Own your thing, if it feels right in your heart, pursue it with every ounce of strength, don’t let anyone dissuade you, show up for you so you in ten years can look back and say “thank you” to yourself.
I remember starting my first online shop years ago. It was a hustle born out of necessity. Planted firmly on the poverty line with two babies and an unsupportive partner, I felt at times like I was swimming upstream, and just one strong current away from drowning.
There was no bank of mom and dad to draw from, but my kids needed to eat, and I would do what it took to feed them. I considered going back to school but was still carrying a student loan and the thought of taking on more debt terrified me. Getting a part time job seemed insane given the fact that childcare would eat up any money I would earn, and I really didn’t want to be that mom who missed out on all the milestones.
The one thing I knew was clothes. As a kid, I always chose clothes over toys. At 14 I got my first job at a drugstore so I could constantly update my wardrobe. As a youth with tight means, you learn quickly how far your money can stretch at a thrift store. I started thrifting because I was poor, but it quickly became something I enjoyed. People would stop me on the street to ask where I got my outfits. The thrill of the hunt was intoxicating. And so, at 24 with two babes on my hips I decided to use the $125 left in my bank account to go thrifting with a plan to sell my finds on a new little online marketplace called Etsy.
I remember those early days pushing my kids in a stroller, the oldest trying to grab every shiny fabric we passed the other wailing miserably. I was that mom. People would side eye and mutter under their breath, but it didn’t phase me, I was there on business… and business it was. In those days there wasn’t a lot of competition. I hadn’t heard of anyone else selling vintage online, so it was usually just me and my shrieking kids rolling through the shops scooping up amazing finds. Seventies lace up Frye boots, a pink 50s alpaca coat, more tooled bags than I could carry, every time I set out, I struck gold. And that first $125? I turned it into $600 within the week.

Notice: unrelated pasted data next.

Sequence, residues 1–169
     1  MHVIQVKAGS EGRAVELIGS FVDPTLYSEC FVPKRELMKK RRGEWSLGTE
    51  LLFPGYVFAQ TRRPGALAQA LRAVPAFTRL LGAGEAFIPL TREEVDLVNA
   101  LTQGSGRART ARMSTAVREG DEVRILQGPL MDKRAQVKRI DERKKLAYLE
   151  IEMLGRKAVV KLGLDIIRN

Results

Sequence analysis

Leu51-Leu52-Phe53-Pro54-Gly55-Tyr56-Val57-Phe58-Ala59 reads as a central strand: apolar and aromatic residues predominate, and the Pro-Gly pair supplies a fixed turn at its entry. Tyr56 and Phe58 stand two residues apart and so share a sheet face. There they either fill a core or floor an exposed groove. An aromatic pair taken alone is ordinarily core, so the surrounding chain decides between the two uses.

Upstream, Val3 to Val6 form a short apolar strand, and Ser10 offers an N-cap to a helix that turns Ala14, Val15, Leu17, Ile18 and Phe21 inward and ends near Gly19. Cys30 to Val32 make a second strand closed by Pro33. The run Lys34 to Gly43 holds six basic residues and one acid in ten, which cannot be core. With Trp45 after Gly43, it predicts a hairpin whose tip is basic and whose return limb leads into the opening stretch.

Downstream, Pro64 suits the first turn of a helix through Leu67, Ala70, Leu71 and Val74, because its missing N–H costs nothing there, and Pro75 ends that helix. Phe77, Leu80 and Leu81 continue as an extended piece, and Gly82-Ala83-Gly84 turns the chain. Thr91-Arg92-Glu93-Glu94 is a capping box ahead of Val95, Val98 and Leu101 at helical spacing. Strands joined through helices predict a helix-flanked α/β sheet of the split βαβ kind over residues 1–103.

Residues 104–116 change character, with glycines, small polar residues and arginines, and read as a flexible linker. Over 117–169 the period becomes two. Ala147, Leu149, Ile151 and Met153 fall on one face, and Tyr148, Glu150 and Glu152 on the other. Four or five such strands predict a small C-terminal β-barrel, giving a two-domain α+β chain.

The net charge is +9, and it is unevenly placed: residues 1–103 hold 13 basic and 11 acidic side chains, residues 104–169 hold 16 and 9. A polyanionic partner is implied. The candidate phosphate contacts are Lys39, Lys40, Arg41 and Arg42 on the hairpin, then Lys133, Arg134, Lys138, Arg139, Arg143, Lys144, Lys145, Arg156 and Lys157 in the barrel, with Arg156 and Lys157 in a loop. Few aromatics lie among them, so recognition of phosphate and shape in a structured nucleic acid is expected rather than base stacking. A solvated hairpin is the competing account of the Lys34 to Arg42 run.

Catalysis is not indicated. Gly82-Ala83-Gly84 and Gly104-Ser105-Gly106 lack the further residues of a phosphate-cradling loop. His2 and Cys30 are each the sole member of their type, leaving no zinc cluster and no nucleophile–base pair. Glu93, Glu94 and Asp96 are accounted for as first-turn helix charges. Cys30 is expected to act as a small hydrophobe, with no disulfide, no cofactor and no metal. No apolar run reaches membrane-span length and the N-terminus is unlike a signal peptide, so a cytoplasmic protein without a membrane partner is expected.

As time rolled on, I sold more and more. The postal workers would shudder when I walked in, arms laden with parcels that I could barely carry. I no longer had to worry about feeding my kids, and keeping the lights on, but I came to understand that in some peoples eyes, my little hustle would never measure up. Old friends all around me were getting degrees and cooperate jobs and when we talked work I remember feeling embarrassed about the path I had taken.
One day I had dinner with a friend who had married wealthy and scored a corporate position through her husbands connections. I told her about my Etsy shop and remember her flat out saying “well you can’t expect to actually make a real living doing that.” After that dinner she ghosted me. It was clear the path I had chosen made me a loser in the eyes of some, and while I continued selling vintage, I always did so with one foot on the gas and the other on the breaks. Even though I loved it, even though it fired me up and gave me life, I never went all in. I told myself it was just a hobby – a side hustle, so I wouldn’t feel dejected when that’s all it ever became.
As time passed something funny happened, I watched as shops that has started as my peers and competition skyrocketed ahead of me. I observed these people who started just like I had, go on to open their own stores, launch clothing lines and build empires. Most of them are still in business earning full corporate level salaries or more, doing what they love solely because they gave themselves permission to do so. They didn’t let shame or self doubt direct them. They didn’t play small so they would have a softer landing if they failed. These girl bosses owned their thing, and now they are being paid handsomely for doing so.
Something amazing happens when you hit 30. You stop caring what other people think. It was a milestone that once terrified me, and now being here I feel like I’ve fully arrived at me. I am a girl who loves clothes, when I picture my dream life, it’s me running a beautifully curated shop filled with vintage and the work of artisan makers, my arms covered with tattoos, my hair long and unkempt, and lines on my face formed by laughter and not the stress of a soul sucking corporate job.
I am now year two in my second Etsy shop and have both feet on the gas. This is what I love to do and with life as short as it is why wouldn’t I spend it pursuing my life’s passion? We are lucky if we get 80s summers out of life and yet we live in perpetual winter to one day have the freedom to feel warmth on our skin. You can feel the warmth now. You can feel it every day. If people don’t believe in your path they are not your people, let them go their own way.
The best time to start something is 10 years ago, the second best time is now. Do it now, do it shamelessly, relentlessly and fearlessly and enjoy every single day in the sun.